- When Art Takes Hold
Every now and then an exhibition of art works in a museum or a gallery manages to offer images so rich and potent, so highly charged with affect, that they stimulate an upsurge of memories and feelings in their beholders. While never precisely the same as those that inspired the creation of the original works, such memories and perceptions relate to the works in a variety of ways as they stimulate fantasy and recollection. When this happens, we walk through the gallery more slowly, caught up in a contemplative state of mind, captured by what we see as though the objects were speaking directly to us, reanimating buried aspects of our personal pasts, reattaching us to lost percepts. At such times, I want to claim, the art works in question take hold of us, grasp us, and teach us, although precisely what they teach us is elusive and hard to name: they alter something in the way a therapist does, perhaps. Ernst Kris writes persuasively about such phenomena in his justly celebrated essay on aesthetic ambiguity (1948). There he speaks about the communicative function of art and offers the notion of the potential of a symbol to set mental processes in motion. Artistic communication, he holds, entails the active participation of beholders who actually re-create works for themselves in their own terms in the presence of the works rather than react passively to them. Similar ideas have been previously articulated by John Dewey (1934).
Standing in the Feldman Gallery of the Jewish Museum of Maryland on Lloyd Street in Baltimore, once the old Jewish quarter, eerily lit this afternoon, I am watching the gallery undergo a transformation. Two men with workmen's aprons and movable spotlights are setting up an exhibit called "Weaving Women's Words,"1 a show of art works in diverse media based [End Page 291] on the oral histories of thirty Jewish women born in the early twentieth century. Not all the pieces have been installed. I hear the whining sound of a drill, the men conferring sotto voce about what to touch up, what to do first. But already, my eyes have misted, and the works on the walls are blurred.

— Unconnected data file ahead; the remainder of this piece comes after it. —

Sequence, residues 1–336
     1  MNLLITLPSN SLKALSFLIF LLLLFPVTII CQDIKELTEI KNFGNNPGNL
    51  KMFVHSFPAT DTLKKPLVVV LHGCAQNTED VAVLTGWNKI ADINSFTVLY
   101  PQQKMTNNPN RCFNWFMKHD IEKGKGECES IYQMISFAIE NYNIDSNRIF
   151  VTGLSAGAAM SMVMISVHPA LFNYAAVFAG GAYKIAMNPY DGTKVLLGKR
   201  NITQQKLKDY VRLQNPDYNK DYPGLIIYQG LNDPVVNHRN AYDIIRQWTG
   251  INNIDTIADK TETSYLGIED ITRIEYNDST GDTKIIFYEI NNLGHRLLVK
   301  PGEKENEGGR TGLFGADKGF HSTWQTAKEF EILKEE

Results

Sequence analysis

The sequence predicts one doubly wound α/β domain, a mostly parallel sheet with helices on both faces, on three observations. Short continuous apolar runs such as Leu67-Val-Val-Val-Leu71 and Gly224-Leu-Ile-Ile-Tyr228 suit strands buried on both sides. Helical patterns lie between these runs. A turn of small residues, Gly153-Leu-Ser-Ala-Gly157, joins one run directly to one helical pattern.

German-Jewish, born in America, just like the women being honored in this exhibit, my mother was of their vintage. Unexpectedly, her ghost haunts every image, word, and object surrounding me on all the walls of this gallery—swatches of worn fabric, scuffed alligator pumps, a leather-bound Langenscheidt German-English dictionary, valises, strung pearls, a typewriter, a page from Louisa May Alcott's Little Women—the very page, in fact, that tells how Marmie March had to go far away and leave her daughters, Meg and Jo and Beth and Amy, and how each fought back her sorrow. Another page displayed is from a Beethoven score, and nearby I see faded sepia photographs with faces that stare wistfully into an unknown future. Every detail returns her to me. Through these art works, she comes back into focus after so many years, years during which I had lost the ability to conjure at will the details of her face.
The workmen wear gloves; one fellow is hand-brushing an exhibition sign. Pungent odors of paint pervade the gallery. At my feet are power tools, a saw, a hammer, a bag of sheetrock, an industrial vacuum cleaner, a plank of raw wood pierced unevenly by nails and protruding screws. Stepping gingerly around them, I am suddenly dazzled by a wall of windows.
Seven collaged window frames of unequal size and shape are suspended from above; it is an installation by an artist named Harriete Berman. Nothing but window frames. Yet I am imagining mothers. They look out of these windows in my fantasy, calling to one another in greeting but also watching protectively over their children playing in streets below. Mothers (I can see them) are standing there looking out of those windows at worlds they were often forbidden to enter, or afraid to venture into, worlds they longed to see close-hand, new and amazing worlds into which they sometimes did dare to wander, even in...